TJ and I returned a few days later for a Monday “crawfish night” extravaganza ($17 for soup, salad, entree, and ice cream or tapioca). The soup ($2) was an uncreamed puree of gingered carrot, earthy and intense. The Caesar salad ($5.75), with anchovy and shredded Parmesan both in the dressing and on top, was plenty tasty, if non-purist. A midden of mudbugs, cooked in a mild, non-Creole “boil,” came with one ramekin containing clarified butter, another holding a vibrant cayenne-laced rouille (spicy aioli) lightened with tart yogurt. TJ was nibbling Caribbean snapper ($10.50). The fish was cooked to mainstream tastes (all but the center just a bit firmer than I like), but thanks to fresh lime juice swathing sweet, ripe, diced tomatoes and a strew of capers, the sauce actually tasted like a fish dish I ate in Tobago.
Rick's mainly California wine list is more than adequate, and includes featured “wines of the week” available reasonably by the glass (typically $4.50-7). Cocktails cost even less, and at our earlier dinner I craved a fake-festive potion to erase my neighbors' all-day yellathon from my eardrums. The mai tai ($4.25) proved the best I've ever tasted, with a well-balanced flavor and a dangerously delicious rum float on top. At our return visit, TJ had been up since 5 a.m. to perform emergency surgery on a friend's computer; facing a sleepy, surly partner, I ordered another mai tai, but a different bartender mixed a merely normal version. Our young, busy waitress, sneaking up from behind with the bread basket, overheard my grumbles and insisted on returning the cocktail to the bar for revisions (namely, adding a rum float).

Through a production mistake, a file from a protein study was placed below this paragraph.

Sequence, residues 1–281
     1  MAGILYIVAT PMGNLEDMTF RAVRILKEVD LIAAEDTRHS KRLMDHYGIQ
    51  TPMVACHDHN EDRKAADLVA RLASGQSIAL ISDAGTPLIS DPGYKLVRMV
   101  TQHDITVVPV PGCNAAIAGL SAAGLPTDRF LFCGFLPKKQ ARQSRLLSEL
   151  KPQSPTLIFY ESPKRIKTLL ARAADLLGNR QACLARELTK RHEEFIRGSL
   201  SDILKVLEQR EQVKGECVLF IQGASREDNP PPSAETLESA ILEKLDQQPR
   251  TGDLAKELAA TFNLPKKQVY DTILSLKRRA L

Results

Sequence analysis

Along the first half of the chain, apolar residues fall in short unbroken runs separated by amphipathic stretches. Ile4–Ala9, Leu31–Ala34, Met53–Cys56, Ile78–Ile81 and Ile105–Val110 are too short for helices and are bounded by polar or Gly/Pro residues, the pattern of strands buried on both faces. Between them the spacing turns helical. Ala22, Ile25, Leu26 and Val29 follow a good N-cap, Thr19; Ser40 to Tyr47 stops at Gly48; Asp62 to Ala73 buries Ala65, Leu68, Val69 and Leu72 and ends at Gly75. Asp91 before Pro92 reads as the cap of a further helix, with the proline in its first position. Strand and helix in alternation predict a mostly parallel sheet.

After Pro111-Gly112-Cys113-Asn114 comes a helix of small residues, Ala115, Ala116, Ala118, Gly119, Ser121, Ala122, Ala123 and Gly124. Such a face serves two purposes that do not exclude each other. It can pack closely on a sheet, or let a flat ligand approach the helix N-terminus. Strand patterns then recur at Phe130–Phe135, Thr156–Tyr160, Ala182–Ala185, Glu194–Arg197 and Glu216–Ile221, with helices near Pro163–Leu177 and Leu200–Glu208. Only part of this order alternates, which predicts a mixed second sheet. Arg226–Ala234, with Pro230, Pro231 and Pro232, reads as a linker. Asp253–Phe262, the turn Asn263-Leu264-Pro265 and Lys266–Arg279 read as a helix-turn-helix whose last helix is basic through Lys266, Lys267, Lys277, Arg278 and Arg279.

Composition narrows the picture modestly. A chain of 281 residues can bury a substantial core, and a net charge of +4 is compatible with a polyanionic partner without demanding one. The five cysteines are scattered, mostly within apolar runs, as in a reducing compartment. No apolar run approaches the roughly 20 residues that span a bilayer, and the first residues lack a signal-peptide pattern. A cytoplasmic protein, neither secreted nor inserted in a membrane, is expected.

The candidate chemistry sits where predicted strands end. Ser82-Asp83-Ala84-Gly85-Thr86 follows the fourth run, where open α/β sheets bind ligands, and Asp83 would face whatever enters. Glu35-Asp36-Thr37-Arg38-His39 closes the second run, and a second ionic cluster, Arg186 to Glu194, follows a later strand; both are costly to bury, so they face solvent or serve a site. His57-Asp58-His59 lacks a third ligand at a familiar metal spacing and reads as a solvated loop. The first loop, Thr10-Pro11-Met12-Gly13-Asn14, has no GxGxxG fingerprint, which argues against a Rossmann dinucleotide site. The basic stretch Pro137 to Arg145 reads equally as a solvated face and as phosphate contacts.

This still failed to re-create the previous perfect potion. While serving our entrees, the waitress noticed the drink's near-virginal condition. “You just hate it, don't you?” she asked in the dulcet tone of everyone's ideal mom. “Let me bring you something else.” The margarita that replaced it was just swell. Soon after, the nearby couple finished their crawfish, and Rick himself emerged from the kitchen to deliver a candlelit slice of chocolate cake and drolly lay a lei around the neck of the birthday boy. The thing about Rick's is, it doesn't just serve comfort food. It gives comfort.